In some of the strongest language the U.S. has used with Myanmar's top civilian leader, Aung San Suu Kyi, Vice President Mike Pence urged her to free two Reuters journalists detained by the government and hold accountable those responsible for the slaughter and expulsion of Rohingya minorities from the country into neighboring Bangladesh.
It was the highest level meeting between the U.S. and Myanmar under the Trump administration, and Pence's blunt message comes as Myanmar and Bangladesh are set to begin repatriating Rohingya refugees back to Myanmar despite warnings from the United Nations and humanitarian groups that they will return to persecution, oppression, and possibly violence.
More than 723,000 Rohingya have fled state-sponsored violence against their communities since August 2017. That campaign targeted the Muslim-majority ethnic group in Myanmar's northern Rakhine state, as well as other ethnic minorities in the area, and killed thousands. The U.N. has said it should be investigated as a genocide, but the U.S. has stopped short of that and called it ethnic cleansing.
"The violence and persecution by military and vigilantes that resulted in driving 700,000 Rohingya to Bangladesh is without excuse," Pence told Suu Kyi on the sidelines of ASEAN, a major regional summit, in Singapore. He added that he was anxious to hear about progress in resolving the crisis and holding people accountable.
While the U.S. has also warned that "conditions in Burma," another name for Myanmar, "are not yet conducive for returns," Pence did not vocalize that concern on Wednesday. He said instead, "We are anxious to hear about the progress in making it possible for the Rohingya to voluntarily come home."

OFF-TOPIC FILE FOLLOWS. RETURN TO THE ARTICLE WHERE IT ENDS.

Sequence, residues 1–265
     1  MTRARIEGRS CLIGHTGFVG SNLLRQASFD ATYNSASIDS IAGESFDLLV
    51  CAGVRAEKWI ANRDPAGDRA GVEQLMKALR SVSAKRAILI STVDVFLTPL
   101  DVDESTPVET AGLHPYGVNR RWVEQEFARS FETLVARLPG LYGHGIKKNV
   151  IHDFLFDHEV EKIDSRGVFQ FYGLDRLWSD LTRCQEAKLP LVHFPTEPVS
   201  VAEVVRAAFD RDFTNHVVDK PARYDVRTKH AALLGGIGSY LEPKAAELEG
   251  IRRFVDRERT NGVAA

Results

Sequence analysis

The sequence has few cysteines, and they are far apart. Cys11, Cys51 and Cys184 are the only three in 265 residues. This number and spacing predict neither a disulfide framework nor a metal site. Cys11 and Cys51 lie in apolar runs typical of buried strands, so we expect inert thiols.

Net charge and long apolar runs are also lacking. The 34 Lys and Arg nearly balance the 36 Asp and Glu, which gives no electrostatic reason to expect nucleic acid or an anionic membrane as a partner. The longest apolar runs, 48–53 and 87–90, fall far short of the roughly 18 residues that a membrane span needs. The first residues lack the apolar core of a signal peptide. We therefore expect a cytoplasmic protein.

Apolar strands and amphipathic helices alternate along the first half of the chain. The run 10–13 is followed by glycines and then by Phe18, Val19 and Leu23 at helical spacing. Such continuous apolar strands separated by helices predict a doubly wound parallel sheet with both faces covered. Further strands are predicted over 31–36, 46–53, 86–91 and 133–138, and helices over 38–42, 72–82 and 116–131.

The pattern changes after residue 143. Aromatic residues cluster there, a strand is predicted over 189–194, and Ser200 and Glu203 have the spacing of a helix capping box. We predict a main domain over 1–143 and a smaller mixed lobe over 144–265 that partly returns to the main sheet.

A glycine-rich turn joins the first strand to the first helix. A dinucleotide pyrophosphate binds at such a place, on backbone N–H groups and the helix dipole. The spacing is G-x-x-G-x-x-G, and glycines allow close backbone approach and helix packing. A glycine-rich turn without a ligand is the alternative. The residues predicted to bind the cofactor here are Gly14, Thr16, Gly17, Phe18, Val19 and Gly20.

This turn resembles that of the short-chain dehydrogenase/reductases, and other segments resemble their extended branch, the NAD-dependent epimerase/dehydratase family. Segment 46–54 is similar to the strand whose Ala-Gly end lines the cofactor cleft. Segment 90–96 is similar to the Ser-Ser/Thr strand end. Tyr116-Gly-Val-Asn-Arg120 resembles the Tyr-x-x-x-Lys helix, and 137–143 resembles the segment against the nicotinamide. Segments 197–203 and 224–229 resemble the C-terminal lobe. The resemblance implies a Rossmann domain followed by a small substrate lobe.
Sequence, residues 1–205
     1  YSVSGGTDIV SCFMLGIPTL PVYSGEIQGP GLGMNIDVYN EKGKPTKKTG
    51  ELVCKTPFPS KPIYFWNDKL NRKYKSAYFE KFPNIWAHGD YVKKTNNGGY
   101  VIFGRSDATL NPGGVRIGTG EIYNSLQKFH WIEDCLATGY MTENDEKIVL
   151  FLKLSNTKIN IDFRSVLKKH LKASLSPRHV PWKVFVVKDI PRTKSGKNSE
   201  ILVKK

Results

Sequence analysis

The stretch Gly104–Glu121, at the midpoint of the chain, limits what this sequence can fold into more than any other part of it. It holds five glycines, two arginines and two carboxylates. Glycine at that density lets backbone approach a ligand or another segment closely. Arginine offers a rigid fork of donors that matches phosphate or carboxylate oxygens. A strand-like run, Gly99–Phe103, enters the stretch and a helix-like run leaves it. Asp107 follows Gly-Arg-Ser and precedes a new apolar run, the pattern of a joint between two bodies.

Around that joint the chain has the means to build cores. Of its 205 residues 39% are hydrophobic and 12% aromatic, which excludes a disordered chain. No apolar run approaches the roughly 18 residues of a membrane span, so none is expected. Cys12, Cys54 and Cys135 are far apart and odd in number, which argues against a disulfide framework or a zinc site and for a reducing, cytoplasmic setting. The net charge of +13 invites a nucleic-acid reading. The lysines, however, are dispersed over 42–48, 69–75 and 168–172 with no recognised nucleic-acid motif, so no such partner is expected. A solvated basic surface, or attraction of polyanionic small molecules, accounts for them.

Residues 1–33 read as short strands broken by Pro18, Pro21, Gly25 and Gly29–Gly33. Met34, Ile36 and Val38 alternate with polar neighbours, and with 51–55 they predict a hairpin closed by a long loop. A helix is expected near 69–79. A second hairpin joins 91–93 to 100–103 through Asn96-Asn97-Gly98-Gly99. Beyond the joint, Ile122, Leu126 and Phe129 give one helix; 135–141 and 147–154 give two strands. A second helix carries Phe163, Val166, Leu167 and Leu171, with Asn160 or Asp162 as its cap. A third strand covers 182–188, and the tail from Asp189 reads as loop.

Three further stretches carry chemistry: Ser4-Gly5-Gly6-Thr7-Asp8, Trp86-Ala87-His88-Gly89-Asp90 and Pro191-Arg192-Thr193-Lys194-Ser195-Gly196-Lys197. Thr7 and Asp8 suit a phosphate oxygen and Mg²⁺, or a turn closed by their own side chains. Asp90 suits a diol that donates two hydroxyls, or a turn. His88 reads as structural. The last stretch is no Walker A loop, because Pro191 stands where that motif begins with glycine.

But those repatriations are not "voluntary, safe, and dignified," according to the State Department, U.N., and aid groups.
Last week, 42 humanitarian and civil society organizations that work in Myanmar and Bangladesh said Rohingya refugees in camps in Cox's Bazaar, Bangladesh, "are terrified about what will happen to them if they are returned to Myanmar now and distressed by the lack of information they have received."
While many Rohingya want to return home, they said, they fear doing so without protections like citizenship and those responsible for the slaughter being held accountable.
After the meeting, senior U.S. administration officials said Pence and Suu Kyi had discussed the importance of having Rohingya return home, but only on a voluntary basis, with safety and dignity, according to the Associated Press.
Suu Kyi is the head of Myanmar's civilian government and a Nobel Peace Prize laureate who suffered for years as a democratic activist and political prisoner under house arrest when Myanmar was ruled by a military junta. She and her party came to power in 2012 as part of a power-sharing government with the military, but her defense of Myanmar's campaign against the Rohingya has tarnished her name on the world stage, with Amnesty International rescinding its highest honor given to her in 2009 on Monday.
As she has, she again defended Myanmar in the face of Pence's stern words: "We understand our country better than any other country does. I'm sure you will say the same of yours, that you understand your own country better than anybody else."
"We are in a better position to explain to you what is happening, how we see things panning out," she added.
Pence also urged her to pardon two Reuters reporters who have been detained by Myanmar since they helped to uncover a mass grave.
"I look forward to speaking with you about the premium that we place on a free and independent press," added Pence.